Monday, December 10, 2007

Some of my best friends are books, Halstead

The Able and Talented coordinator sent me a copy of this book (subtitled Guiding Gifted Readers from Preschool to High School), so I felt compelled to read it.

I am the mother of three identified A&T students. I was a bright student myself. So I have trouble taking the advice of this book. I fall into the category of bad librarians doing a disservice for these students: "Some say "It doesn't matter what they read, as long as they're reading." But if we apply this attitude to children who have the potential to become serious readers acquainted with books of substance and literary value, then we do our children a disservice."

Huh. Considering how utterly boring many of the books mentioned in this tome are, I would argue that guiding their reading in this way would do them a disservice. Also, this volume is very light on newer books. Really, there have been other books written since Harriet the Spy.

The reason I react so viscerally to this issue is that I was given the luxury of choosing my own reading material, and it was all over the map. Yes, I read Caddie Woodlawn and The Phantom Tollbooth. But I also read Beanie Malone and a lot of dreadful schlock. Halstead is very big on reading as a way to cope with life. If that is the case, gifted readers SHOULD be reading what their peers are reading, especially the dreadful schlock. It gives them something to connect with.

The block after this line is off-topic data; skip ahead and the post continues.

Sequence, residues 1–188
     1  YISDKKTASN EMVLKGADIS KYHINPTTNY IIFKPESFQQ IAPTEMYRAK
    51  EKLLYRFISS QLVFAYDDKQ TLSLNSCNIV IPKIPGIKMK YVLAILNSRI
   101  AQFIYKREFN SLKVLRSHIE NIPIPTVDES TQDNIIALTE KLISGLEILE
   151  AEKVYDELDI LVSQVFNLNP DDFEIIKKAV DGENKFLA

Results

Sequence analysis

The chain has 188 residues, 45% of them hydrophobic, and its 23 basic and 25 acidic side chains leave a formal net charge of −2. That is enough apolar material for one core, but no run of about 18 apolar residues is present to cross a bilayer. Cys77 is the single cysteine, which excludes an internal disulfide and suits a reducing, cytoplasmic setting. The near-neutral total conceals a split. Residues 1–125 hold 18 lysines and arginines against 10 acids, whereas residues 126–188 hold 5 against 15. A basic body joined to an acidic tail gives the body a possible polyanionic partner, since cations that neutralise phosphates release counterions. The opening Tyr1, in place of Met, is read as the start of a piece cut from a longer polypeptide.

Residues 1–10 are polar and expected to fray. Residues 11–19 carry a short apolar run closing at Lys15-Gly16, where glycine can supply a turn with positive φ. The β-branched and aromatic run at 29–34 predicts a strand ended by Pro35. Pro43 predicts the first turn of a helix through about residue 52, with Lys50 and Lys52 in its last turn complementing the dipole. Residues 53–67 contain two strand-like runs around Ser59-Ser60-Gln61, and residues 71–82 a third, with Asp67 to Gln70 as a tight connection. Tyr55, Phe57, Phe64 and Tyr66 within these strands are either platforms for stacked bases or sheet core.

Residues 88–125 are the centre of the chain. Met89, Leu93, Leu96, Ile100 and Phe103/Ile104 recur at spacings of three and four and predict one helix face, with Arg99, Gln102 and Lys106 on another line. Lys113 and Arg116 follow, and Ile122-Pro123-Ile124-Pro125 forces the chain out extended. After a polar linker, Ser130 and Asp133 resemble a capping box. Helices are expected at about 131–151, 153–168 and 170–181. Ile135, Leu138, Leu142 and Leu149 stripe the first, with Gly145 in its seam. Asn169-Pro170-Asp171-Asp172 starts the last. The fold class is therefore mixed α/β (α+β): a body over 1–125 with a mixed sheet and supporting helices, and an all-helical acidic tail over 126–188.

My 8th grade daughter, who read every Animorph book she could find, is now on an Alcott binge. My 6th grader is reading The Lost Years of Merlin. My 4th grade reluctant reader finished Things Not Seen, and is complaining her way through some nonfiction because she is "supposed" to read it. They will all survive.


  1. My elder son is labled A&T, though he's chosen this year not to participate in the "pull-out" programs at school (he doesn't like missing classes).

    He DEVOURS books, and while I occasionally FORCE him to read something over the summer (oh, I'm so mean; A Tree Grows in Brooklyn is just horrible to have to read, I know, I know), I also generally let him read what he wants to read. Thus, he's read the Redwall series repeatedly (probably at least 5 times through... at least).

    I agree: "guiding" (forcing) kids to read books they'll find boring isn't a good option. Yeah, he read A Tree... and once he was into it, I heard no mumbling or complaints at all -- he LIKED it. But I wouldn't make him read something I felt "too lofty" for him. I've mentioned he should read "Dracula" -- the original, but perhaps he should listen to the unabridged audio book -- it was wonderful and would be more likely to draw him into the story. So many "good books" are, in fact, quite dry for kids to read.

    My favorite book list site(s):




    (no spaces/returns -- it wasn't letting me put the url in as one line)

    I try to read these myself... and then, should I find something interesting, I'll leave it around the house in hopes one of the boys (probably the elder) will pick it up. Sometimes it works...


    Thanks again for all your insights to YA books!


  2. Hi, Ms. Yingling

    Jumped over here from Jen Robinson's blog. I just posted a piece on a similar topic at my own blog, off one that Alix Flinn did.

    I agree with the point you make, that gifted kids should read the same things their peers are reading. Mental acumen is not the same as emotional experience.

    I also agree that so many of those pieces of Great Lit-Ra-Chure are soooo boring! I don't think I'm a bad librarian for giving a kid Alex Rider instead of The Brothers Karamazov, because odds are he'll actually read Alex Rider. If we only give kids Brussels sprouts, (and tell them they should like it) they're not going to want to eat. Let 'em eat cake.